Apple and Qualcomm may have legally settled their differences, but that does not mean they are suddenly best friends. In fact, an agreement means that some of the strategies that both parties have employed during the process can finally be discovered. Recently, it was reported that Apple would be preparing for the fall of Qualcomm long before its fight, but this latest rumor reveals how it may also be preparing for the end of Intel's 5G modem business.
It was almost a surprise that Intel immediately threw in the towel just after Apple and Qualcomm announced their agreement. Intel's official position was that this made the deal almost impossible. It probably did not help that weeks before that, the company lost a key engineer in charge of its 5G modems to Apple.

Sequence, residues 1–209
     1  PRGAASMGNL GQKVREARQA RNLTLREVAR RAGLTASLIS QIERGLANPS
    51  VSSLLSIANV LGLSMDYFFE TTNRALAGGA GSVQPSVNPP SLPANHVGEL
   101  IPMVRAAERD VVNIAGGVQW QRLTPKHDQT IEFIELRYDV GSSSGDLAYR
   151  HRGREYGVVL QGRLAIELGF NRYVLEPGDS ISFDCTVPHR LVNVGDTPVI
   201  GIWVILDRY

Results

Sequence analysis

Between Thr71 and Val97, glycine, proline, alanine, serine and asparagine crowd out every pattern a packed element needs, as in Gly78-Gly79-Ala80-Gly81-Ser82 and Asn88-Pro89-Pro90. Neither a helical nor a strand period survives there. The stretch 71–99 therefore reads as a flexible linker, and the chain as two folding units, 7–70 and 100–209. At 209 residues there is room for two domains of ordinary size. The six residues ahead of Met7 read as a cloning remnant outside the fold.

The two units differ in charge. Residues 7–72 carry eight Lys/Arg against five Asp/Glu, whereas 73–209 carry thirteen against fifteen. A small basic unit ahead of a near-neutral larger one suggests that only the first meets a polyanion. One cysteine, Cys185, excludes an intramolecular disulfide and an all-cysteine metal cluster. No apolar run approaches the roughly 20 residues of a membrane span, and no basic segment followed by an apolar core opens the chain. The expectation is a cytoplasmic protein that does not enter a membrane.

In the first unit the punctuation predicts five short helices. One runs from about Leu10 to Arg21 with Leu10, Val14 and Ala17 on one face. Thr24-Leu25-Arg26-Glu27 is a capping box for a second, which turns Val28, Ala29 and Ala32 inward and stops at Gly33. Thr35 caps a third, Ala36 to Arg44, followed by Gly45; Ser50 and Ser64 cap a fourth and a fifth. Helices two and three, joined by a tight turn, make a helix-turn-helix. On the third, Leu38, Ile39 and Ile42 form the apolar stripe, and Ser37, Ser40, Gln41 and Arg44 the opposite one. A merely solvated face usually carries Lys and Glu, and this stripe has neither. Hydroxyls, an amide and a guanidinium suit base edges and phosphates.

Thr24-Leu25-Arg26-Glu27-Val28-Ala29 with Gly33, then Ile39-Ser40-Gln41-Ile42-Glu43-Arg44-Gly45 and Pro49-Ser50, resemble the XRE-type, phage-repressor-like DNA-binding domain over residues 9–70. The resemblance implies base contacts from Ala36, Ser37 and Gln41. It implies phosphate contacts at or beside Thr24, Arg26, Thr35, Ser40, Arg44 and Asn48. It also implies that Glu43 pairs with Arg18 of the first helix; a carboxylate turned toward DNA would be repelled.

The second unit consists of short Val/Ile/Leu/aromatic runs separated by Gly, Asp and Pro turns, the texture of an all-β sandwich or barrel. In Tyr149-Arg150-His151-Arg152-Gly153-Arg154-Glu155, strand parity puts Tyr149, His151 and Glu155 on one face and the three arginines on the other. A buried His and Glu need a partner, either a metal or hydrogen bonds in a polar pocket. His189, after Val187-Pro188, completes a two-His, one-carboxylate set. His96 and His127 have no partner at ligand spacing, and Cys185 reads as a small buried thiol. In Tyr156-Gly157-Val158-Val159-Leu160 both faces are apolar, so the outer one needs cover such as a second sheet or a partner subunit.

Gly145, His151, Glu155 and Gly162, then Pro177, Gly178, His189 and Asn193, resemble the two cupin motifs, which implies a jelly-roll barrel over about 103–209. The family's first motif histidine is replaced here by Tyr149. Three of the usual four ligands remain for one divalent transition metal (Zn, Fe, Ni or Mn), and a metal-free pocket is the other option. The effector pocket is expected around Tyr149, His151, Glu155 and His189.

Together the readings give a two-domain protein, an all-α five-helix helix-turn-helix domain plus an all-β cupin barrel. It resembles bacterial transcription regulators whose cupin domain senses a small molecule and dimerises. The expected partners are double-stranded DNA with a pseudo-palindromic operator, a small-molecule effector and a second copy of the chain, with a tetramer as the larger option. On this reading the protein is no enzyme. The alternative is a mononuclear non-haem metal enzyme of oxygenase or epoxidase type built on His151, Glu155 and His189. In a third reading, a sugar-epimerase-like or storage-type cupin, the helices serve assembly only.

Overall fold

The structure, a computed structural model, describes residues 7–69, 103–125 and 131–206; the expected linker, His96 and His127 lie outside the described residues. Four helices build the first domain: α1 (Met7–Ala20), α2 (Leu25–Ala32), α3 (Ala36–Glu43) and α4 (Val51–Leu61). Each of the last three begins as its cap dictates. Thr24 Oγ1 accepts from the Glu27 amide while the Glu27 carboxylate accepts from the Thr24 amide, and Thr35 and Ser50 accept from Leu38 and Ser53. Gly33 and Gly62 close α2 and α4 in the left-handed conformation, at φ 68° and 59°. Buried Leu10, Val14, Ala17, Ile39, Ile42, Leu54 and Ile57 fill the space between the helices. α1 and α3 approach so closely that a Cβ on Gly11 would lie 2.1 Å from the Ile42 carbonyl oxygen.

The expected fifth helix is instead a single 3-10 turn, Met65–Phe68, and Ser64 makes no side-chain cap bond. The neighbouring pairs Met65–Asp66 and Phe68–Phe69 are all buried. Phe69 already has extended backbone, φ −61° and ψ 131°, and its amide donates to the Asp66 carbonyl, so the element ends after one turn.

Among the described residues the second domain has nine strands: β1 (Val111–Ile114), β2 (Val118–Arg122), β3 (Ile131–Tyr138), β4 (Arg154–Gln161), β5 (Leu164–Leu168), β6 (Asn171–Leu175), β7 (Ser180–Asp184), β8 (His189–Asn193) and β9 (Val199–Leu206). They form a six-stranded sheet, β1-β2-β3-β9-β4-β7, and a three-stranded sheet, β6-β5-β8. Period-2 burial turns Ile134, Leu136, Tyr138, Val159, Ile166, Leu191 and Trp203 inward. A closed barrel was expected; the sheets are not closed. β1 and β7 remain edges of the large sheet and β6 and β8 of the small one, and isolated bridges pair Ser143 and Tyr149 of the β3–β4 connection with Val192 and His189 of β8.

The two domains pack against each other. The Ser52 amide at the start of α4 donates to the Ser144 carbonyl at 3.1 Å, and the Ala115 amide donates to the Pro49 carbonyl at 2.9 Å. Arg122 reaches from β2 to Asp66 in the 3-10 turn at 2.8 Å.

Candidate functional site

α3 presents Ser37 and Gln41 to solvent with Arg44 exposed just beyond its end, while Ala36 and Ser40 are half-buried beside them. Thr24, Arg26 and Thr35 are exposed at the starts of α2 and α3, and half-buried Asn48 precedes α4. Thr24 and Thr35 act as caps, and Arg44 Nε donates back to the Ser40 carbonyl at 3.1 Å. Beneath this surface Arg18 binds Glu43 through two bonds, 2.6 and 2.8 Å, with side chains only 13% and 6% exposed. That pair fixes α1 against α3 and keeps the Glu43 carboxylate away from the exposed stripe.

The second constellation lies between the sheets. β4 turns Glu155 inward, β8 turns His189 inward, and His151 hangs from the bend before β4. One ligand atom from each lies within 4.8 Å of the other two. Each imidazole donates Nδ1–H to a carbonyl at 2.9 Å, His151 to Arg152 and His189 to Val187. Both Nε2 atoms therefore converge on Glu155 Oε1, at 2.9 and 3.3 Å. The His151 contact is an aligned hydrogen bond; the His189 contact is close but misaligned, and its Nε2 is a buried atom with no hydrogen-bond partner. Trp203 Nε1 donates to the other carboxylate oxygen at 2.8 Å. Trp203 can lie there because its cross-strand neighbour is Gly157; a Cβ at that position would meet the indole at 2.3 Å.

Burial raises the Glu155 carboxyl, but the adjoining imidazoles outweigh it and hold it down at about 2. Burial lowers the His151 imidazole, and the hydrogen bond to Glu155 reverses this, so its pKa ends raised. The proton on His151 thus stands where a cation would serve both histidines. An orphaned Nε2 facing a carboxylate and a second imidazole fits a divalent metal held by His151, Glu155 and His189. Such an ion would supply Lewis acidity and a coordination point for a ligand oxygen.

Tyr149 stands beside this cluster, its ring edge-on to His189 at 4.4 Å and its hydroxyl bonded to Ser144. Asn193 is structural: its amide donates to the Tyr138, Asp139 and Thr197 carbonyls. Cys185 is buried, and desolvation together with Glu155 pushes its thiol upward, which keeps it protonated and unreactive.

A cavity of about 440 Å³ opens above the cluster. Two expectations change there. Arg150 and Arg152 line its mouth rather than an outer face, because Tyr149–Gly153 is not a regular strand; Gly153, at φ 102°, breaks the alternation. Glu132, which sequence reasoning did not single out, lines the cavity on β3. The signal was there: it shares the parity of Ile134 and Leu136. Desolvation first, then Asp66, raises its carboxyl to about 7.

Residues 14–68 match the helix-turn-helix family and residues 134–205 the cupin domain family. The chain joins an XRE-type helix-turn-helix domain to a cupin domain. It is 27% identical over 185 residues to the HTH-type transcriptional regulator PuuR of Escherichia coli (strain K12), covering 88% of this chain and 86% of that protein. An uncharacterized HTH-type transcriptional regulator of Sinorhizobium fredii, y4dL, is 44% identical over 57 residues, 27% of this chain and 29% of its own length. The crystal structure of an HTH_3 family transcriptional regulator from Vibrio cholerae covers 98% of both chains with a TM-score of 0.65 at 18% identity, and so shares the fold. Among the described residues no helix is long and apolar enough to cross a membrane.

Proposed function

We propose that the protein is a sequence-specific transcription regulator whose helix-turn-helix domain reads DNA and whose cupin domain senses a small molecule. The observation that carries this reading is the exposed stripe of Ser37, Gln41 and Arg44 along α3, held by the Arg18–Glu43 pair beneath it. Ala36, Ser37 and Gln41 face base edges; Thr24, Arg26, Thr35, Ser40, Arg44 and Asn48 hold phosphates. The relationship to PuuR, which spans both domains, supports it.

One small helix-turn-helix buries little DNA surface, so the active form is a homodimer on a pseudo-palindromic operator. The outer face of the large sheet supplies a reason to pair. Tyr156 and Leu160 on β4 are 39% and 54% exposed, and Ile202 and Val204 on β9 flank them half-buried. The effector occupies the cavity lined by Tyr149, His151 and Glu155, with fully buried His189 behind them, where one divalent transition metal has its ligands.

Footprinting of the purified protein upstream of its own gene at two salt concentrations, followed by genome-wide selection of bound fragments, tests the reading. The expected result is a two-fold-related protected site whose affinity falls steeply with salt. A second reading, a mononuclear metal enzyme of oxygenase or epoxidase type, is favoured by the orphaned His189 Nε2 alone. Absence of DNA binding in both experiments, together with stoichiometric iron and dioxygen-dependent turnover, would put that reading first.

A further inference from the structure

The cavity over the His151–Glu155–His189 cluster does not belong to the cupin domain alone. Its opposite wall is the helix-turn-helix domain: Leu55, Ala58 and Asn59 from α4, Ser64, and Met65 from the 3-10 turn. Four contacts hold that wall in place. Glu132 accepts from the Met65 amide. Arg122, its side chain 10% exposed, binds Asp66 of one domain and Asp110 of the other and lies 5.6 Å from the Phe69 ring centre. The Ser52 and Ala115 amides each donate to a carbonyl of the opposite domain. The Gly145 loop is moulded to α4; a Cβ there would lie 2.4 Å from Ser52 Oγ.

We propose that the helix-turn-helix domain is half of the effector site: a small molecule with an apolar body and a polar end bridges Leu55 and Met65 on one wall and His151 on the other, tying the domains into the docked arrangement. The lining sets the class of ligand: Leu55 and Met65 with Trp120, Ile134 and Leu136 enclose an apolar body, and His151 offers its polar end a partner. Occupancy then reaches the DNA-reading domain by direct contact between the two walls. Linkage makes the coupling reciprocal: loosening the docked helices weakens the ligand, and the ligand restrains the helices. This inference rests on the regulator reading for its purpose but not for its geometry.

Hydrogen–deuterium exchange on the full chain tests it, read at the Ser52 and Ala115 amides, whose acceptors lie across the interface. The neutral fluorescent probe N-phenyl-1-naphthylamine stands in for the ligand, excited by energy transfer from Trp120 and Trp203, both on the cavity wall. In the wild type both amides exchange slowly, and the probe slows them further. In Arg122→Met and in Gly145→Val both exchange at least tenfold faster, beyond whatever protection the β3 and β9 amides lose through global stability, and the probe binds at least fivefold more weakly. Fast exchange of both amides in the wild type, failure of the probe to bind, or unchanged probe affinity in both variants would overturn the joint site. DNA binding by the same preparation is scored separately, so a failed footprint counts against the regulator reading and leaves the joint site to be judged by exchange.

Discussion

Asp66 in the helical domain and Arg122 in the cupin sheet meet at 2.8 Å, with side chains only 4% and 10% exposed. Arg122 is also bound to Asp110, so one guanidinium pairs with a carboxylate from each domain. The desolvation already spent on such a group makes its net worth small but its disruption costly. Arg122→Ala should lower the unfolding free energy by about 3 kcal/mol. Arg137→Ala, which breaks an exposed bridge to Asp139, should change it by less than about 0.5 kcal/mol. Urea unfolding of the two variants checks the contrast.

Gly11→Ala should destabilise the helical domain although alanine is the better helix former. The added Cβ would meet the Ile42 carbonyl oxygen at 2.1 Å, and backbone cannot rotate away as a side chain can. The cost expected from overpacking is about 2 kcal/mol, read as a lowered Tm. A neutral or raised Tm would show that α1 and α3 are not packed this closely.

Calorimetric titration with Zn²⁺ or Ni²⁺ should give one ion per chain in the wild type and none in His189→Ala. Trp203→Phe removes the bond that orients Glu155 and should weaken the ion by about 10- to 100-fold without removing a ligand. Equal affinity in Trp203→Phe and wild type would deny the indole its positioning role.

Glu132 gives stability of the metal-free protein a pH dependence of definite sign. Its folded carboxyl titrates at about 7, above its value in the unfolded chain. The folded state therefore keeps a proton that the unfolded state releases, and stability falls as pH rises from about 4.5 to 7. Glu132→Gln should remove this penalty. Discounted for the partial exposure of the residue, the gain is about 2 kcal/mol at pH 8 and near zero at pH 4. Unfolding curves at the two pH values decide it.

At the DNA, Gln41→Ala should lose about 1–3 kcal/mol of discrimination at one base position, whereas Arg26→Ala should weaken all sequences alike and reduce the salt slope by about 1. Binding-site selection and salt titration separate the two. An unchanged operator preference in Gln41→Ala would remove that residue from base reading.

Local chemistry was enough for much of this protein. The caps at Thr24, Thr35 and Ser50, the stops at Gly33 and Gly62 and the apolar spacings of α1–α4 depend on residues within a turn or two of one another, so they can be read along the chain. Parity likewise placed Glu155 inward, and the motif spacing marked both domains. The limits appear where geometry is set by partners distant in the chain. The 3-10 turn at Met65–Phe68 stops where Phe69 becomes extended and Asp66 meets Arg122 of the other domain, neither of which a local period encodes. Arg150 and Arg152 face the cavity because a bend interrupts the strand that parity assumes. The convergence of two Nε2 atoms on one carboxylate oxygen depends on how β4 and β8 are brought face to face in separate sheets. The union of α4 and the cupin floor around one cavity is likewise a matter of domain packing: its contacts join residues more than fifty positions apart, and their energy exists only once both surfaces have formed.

The Telegraph reports that Umashankar Thyagarajan was hired by Apple in February, two months before the high profile agreement. The job posting was, of course, public, but at that time no one paid any attention to the points. Turns out Thyagarajan was the design engineer for the Intel XMM 8160 chip and would play a major role in Intel's modems on iPhones last year.
This type of "poaching" is obviously not new in this industry, but sheds some light on Apple's long-term plans. The iPhone maker appealed to Intel concerned that Qualcomm could use its 5G modem monopoly to dictate terms of trade. Now, however, Apple has other plans.
It is also no secret that the company wants to manufacture its own 5G modem, just as it does its own A processors. This would reduce its reliance on external vendors, such as Qualcomm, and solve things on its own. While neither Apple nor Intel have commented on what Thyagarajan will do at Apple, it is expected to be at least for 5G support on future iPhones.